MP backs Thurrock businesses in the House

South Basildon and East Thurrock MP Stephen Metcalfe has made an impassioned plea for small and medium sized businesses from the floor of the House of Commons.

“Thank you, Madam Deputy Speaker, for the opportunity to speak in what I am sure will be a wide-ranging and interesting debate.

I have a business background, and I am pleased to note that the Government have put support for business at the heart of their plan to rebalance our economy. They seem truly to value innovation and enterprise. The success of businesses of all sizes will be vital to our recovery. I have been fortunate enough to visit and meet representatives of many businesses in my constituency-that is one of the most interesting and informative parts of the role that I play-but all the company representatives whom I have met have highlighted particular challenges that they face in the current economic climate.

Places such as Basildon and Thurrock have the potential to lead our recovery. I believe that they will benefit from the change of Government and the new emphasis being placed on business, and will be able to play their role as the economic powerhouses that we need them to be. I am especially delighted that the Government have recognised the vital importance of our small and medium-sized enterprises. I think that Members throughout the House agree that they will have a major role to play in our recovery, but they face particular challenges. Let me give three examples.

The first challenge is access to finance, an issue that has been raised a number of times in the House and has been much discussed. We have lost many good businesses because of lack of support from the banks, either because the banks have become too risk-averse or because they have simply not liked the sector in which those companies operate. It is worth our reminding, certainly, the publicly owned banks that they need to do much more to support our businesses: I believe that they have a moral obligation to continue to support the companies that they have supported in the past. There is also a role for Her Majesty’s Revenue and Customs. I know of cases in which it has been too quick to pull the plug on companies, or too inflexible to recognise the cash-flow problems that small companies may face. I hope that Ministers will think about whether more can be done to support them.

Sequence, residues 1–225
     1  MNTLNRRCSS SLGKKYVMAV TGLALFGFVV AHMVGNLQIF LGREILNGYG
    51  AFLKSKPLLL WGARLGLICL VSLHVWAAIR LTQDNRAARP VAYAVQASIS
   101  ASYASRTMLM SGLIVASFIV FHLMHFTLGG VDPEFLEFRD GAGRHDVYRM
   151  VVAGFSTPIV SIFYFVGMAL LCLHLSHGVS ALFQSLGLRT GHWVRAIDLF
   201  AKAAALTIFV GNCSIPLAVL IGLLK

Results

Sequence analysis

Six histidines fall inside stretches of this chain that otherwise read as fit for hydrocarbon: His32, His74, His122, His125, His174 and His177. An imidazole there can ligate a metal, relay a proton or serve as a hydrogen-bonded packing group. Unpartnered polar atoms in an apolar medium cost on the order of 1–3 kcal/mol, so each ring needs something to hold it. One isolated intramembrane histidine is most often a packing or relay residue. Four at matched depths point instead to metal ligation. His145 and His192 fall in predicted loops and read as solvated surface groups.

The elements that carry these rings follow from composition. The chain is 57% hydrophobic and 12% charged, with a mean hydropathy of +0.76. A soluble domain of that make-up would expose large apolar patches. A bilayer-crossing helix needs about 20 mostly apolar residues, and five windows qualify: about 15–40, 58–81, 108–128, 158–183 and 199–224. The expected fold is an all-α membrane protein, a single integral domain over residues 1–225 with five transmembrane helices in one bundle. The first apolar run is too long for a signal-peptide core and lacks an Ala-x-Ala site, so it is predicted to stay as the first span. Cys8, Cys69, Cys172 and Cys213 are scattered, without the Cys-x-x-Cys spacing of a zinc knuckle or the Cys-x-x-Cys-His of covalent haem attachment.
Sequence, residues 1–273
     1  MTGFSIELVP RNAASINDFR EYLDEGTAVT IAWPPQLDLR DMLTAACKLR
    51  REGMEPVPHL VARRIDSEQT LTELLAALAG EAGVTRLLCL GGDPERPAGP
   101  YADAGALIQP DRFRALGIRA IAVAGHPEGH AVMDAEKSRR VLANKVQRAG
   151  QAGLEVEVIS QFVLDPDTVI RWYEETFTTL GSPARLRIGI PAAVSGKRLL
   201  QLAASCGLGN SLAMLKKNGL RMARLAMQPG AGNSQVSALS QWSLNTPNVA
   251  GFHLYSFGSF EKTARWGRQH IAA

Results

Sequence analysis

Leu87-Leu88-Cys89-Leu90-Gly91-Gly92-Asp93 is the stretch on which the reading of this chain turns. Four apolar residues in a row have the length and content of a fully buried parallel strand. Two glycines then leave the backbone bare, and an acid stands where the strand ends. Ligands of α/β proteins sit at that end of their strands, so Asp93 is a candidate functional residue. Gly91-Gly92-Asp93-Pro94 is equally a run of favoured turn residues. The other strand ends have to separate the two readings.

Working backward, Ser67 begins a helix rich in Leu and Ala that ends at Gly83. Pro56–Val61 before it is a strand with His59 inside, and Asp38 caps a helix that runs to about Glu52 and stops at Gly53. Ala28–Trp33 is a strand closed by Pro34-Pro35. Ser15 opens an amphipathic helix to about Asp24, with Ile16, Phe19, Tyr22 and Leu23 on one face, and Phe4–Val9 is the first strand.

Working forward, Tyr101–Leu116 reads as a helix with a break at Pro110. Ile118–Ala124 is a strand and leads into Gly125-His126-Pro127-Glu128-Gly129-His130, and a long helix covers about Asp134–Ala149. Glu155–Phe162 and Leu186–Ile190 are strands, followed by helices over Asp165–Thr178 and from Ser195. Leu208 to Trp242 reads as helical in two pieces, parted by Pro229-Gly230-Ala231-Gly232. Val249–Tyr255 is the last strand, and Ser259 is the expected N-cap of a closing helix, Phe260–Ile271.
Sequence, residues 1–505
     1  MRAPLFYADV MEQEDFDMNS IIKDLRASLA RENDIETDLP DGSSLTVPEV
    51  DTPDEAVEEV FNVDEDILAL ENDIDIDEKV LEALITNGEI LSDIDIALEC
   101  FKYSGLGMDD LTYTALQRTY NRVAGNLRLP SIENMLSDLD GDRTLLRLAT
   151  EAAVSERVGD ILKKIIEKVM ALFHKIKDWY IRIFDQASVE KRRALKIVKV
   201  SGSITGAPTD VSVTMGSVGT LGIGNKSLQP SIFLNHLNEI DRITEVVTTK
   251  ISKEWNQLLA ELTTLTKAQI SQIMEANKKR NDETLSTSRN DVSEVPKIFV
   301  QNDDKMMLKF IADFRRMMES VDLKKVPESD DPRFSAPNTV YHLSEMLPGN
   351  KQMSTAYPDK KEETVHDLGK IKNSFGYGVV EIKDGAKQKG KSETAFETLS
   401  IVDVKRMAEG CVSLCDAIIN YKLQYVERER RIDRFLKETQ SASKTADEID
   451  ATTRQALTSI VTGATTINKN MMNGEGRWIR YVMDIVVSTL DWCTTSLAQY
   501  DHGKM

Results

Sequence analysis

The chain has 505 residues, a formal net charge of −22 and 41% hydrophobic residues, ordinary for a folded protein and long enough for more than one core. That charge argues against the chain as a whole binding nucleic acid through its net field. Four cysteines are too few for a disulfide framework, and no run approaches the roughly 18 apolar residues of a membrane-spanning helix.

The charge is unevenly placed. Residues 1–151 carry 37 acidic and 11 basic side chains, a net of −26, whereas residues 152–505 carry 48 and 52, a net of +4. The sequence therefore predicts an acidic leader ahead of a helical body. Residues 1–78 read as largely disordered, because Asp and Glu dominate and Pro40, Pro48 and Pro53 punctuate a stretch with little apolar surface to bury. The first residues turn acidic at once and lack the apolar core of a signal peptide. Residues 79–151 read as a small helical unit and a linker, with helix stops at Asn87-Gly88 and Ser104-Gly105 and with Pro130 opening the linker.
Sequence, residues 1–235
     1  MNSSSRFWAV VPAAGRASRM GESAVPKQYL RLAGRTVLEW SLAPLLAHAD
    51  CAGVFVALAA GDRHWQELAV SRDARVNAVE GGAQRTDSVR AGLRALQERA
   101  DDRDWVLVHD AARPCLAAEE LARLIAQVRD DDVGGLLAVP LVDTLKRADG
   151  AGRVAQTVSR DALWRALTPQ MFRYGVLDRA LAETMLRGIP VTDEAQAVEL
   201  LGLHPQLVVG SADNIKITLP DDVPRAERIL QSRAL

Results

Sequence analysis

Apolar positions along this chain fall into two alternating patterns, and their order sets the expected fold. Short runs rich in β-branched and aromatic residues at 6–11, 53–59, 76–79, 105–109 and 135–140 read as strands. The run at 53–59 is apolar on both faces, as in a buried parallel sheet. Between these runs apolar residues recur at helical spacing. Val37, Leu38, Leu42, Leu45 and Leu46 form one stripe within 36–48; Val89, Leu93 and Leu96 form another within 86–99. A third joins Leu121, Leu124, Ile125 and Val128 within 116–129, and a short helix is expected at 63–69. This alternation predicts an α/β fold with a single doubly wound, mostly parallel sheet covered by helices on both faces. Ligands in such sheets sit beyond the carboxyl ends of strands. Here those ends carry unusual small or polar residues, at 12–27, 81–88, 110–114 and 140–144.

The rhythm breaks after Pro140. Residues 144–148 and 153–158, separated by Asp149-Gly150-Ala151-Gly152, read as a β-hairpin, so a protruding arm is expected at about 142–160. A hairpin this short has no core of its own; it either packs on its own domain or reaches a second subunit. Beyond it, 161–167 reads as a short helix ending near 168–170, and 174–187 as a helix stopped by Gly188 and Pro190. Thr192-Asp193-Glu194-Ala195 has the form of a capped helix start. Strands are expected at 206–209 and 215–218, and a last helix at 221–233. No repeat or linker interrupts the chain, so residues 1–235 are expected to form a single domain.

The second challenge is the burden of bureaucracy, red tape and regulation that falls on small businesses. I realise that it was designed to deal with the practices of unscrupulous employers, but I think we should recognise that the vast majority of SMEs value their employees greatly and treat them very well. Regulation must find a balance between dealing with unscrupulous employers and not overburdening responsible ones.

Many SMEs now have to employ external consultants to deal with ever-changing rules and regulations. They have to pay experts to help them to understand employment law and health and safety regulations. All that adds to the cost and burden of running their companies. While I recognise that employment law and health and safety regulations are vital to protect employees, there are sometimes unforeseen consequences. For example, if there were no statutory retirement age, it would be possible for an employee of many years’ standing to be dismissed on grounds of competency rather than being able to retire with dignity. Employers may not want to take this path but feel that they must in order to address their own commercial needs.

We need to make it easier for SMEs to employ people. The reality, or the perception of the reality, is that it is too difficult or too onerous to take on staff, so SMEs hold back longer than they might. I hope we will be able to find a way of easing that burden so that companies will take people on earlier and help reduce our rising or our high unemployment figures. We also need to do more to help people in the transition from unemployment to employment. In my time at work, there were occasions when we had to lend money to new starters because the cost of work was more than those people could afford as they moved from benefits to employment.

Finally, I want to encourage the Government to have a greater understanding of small and medium-sized enterprises. The Government are doing their best, but I want them to recognise that small businesses in particular are not a homogenous mass. A small business is more like a collection of micro-businesses. A company of 10 people could comprise a salesman, a production manager, a fitter, a driver and a designer, all of whom have separate skills and separate roles. They operate within separate spheres and cannot easily pick up the slack when one of the team members is on a prolonged absence. I hope the Government will recognise that when framing future legislation.

In summary, I truly believe that the Government have the best interests of business at heart and have got off to a great start, but will they please remember that not all businesses are the same and that size really does matter? We need a different approach, depending on the scale of the business. I know that, with care, we can deliver an environment to support our businesses and firms of all sizes, and that SMEs will happily play their role in rebuilding and rebalancing our damaged economy. With our help, they will grow to enjoy the bright and prosperous new year that I know we all wish them.”

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